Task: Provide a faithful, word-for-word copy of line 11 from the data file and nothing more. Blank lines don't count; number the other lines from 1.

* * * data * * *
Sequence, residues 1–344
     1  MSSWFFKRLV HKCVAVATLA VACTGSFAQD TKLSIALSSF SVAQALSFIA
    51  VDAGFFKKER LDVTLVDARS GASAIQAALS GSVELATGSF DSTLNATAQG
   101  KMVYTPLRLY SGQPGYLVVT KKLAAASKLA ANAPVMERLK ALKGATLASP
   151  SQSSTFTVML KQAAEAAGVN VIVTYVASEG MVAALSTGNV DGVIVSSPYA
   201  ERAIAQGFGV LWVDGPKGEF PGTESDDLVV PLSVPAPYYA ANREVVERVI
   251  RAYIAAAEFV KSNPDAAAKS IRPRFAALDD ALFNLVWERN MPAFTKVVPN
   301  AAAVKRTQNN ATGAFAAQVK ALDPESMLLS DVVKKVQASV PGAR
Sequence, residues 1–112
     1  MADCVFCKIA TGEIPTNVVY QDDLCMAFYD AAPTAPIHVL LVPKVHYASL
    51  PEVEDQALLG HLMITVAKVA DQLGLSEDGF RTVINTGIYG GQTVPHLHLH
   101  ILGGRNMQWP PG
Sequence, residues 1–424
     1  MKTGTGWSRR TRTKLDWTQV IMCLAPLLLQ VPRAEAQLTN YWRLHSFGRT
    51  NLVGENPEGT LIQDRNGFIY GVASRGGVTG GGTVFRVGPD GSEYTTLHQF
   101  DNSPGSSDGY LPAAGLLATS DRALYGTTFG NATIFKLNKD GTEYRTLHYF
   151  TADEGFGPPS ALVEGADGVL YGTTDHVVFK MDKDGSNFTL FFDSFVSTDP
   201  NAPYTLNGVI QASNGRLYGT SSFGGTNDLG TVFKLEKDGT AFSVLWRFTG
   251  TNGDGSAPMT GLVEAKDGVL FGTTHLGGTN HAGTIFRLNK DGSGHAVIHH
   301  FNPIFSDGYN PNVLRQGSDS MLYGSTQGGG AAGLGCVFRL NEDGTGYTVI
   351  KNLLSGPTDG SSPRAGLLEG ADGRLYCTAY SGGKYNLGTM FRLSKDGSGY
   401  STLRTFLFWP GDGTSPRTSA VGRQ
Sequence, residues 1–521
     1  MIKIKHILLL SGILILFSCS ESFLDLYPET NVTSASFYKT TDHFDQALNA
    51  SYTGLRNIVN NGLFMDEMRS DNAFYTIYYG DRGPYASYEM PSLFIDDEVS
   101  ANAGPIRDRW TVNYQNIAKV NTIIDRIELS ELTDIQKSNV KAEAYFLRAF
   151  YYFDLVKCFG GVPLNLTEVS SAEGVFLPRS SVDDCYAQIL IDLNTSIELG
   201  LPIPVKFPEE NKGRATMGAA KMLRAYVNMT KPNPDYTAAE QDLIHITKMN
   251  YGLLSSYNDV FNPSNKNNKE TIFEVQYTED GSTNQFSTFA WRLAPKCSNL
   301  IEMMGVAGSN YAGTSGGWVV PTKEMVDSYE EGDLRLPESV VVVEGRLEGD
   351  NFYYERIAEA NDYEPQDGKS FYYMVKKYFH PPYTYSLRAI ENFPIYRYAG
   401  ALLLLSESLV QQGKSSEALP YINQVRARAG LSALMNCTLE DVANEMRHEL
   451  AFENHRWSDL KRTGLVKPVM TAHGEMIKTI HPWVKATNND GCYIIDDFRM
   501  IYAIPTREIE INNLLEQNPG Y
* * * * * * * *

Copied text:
    51  PEVEDQALLG HLMITVAKVA DQLGLSEDGF RTVINTGIYG GQTVPHLHLH